Thursday, November 24, 2005

First impressions

General Marouf al Bakhit has been chosen to be the new prime minister by His Majesty King Abdullah. A brief CV has been published by Petra (in Arabic). General Bakhit is a career military officer, who joined the army when he was 17 years old. He rose through the ranks and retired from the army in 1999, after serving for 35 years. During his service, he obtained a Ph.D. in military science from the University of London and managed the military wing of Mutah University. He also lectured there in political science. After retiring, he was appointed as our ambassador to Turkey and then to Israel.

General Bakhit was appointed to the post of director of national security about a week ago, suggesting that he was initially not in the running for this new post. It is clear that he has the confidence of the king. But what can we read into his record?

Jordan has not had a military prime minister in recent memory. The only possible exception was Sharif (later Prince) Zaid Bin Shaker. Sharif Zaid was kept for the specific purpose of organizing elections (with assurances that THIS TIME, the elections will be fair). Asides from the case of Sharif Zaid, army officers have not been appointed to the post of PM.

General Bakhit seems to be a largely self-made man. Whereas most recent PM's have come from privileged childhoods, he joined the army when he was only 17. To be able to achieve what he did required intelligence, hard work and loyalty. Clearly, these characteristics are admirable and I am sure that they will be useful in his new position. Being self made, one would hope that he would respect merit over pedigree. Not knowing the man, this is only a guess, and we will know more when he chooses his cabinet. If he lives up to this hope, he might be the man to deliver the long awaited reform that people are waiting for.

One cautionary note also comes from his background. The military is not a democratic institution. Therefore, I wonder if he has the type of experience needed to deal with parliament, political parties, the press and the syndicates. Cooperation with these groups is needed if the hope of reform is to be achieved. Dr. Badran mismanaged his relationship with these groups, and one might argue that his downfall was being too accommodating to them. I hope that General Bakhit doesn't take the other extreme and try to be too tough. Democracy doesn't work that way. The balance requires some experience, which he doesn't seem to have.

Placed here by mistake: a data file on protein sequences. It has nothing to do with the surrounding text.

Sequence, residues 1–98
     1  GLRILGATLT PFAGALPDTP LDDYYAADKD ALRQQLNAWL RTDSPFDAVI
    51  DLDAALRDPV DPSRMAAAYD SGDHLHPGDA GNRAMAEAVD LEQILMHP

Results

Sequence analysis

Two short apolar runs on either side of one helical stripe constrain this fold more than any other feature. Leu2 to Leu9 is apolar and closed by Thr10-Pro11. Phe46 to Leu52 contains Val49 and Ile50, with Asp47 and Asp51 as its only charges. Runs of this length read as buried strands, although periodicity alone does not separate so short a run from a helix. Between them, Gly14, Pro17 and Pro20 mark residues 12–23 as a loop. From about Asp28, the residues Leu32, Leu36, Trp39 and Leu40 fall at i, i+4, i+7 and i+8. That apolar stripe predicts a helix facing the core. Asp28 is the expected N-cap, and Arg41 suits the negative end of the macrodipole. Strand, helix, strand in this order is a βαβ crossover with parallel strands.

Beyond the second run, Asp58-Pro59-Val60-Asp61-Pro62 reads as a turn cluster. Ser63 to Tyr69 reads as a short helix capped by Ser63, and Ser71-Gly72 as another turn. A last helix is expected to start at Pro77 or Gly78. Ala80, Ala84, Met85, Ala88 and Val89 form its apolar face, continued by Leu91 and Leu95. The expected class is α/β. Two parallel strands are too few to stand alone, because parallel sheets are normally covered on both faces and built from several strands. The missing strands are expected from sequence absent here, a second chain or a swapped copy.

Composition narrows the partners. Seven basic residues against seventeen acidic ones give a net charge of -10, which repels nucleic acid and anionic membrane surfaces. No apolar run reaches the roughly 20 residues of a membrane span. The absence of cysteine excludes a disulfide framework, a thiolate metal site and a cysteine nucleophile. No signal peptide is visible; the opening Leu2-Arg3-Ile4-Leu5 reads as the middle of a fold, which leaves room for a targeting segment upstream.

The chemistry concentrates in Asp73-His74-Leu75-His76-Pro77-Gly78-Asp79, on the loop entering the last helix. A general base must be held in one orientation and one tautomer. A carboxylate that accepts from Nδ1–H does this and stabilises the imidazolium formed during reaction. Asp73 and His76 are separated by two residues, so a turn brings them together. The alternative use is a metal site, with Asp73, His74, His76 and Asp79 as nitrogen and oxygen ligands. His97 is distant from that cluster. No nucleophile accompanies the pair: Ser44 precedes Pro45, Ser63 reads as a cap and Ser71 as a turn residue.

In all, I hope that General Bakhit lives up to the promise of his record. Only time will tell.

4 Comments:

At 7:37 PM, Anonymous Hamamah said...

Many prime miniters came from the Military during Jordan reign, Wasi Attal, Modar Badran, Ahmad Ubeidat to name some whom all had long service in the Military and Mukhabarat..beside the one you've mentioned..

other than that your stance still awfully disgusting! A typical life cycle of a Jordanian self proclaimed liberal, soon to end with a desprate call for the King and the Mukhabarat to take hime out of his miss, if not his utter mesry

 
At 7:46 PM, Anonymous Anonymous said...

If the government is changing that rapidlly, and there is some how a need for it, and the public in consent for that, I might say..why don't we think of a king change..why doesn't he change, every year for example?

 
At 8:30 PM, Anonymous Anonymous said...

Hello Dick (head): Surely you can differentiate between the mukhabarat and the army. If not, there is no hope for you. Could you please (coherently) point out what my stance is? I still haven't taken one. Of course, you could still write a 17 page rant that doesn't make any sense. The longer your rants are, the less likely people will figure out that you have nothing useful to say.

 
At 11:26 AM, Blogger Lina said...

With regards to what his attitude towards the parliament and the professional syndicates would be, I don't think you should focus on the fact that his background is military and overlook his diplomatic and negotiation credentials! Word has it he's quite an excellent negotiator, and those who know him say he's flexible and open-minded...

One would be able to tell more once the cabinet is chosen, I can't wait for Sunday!!

 

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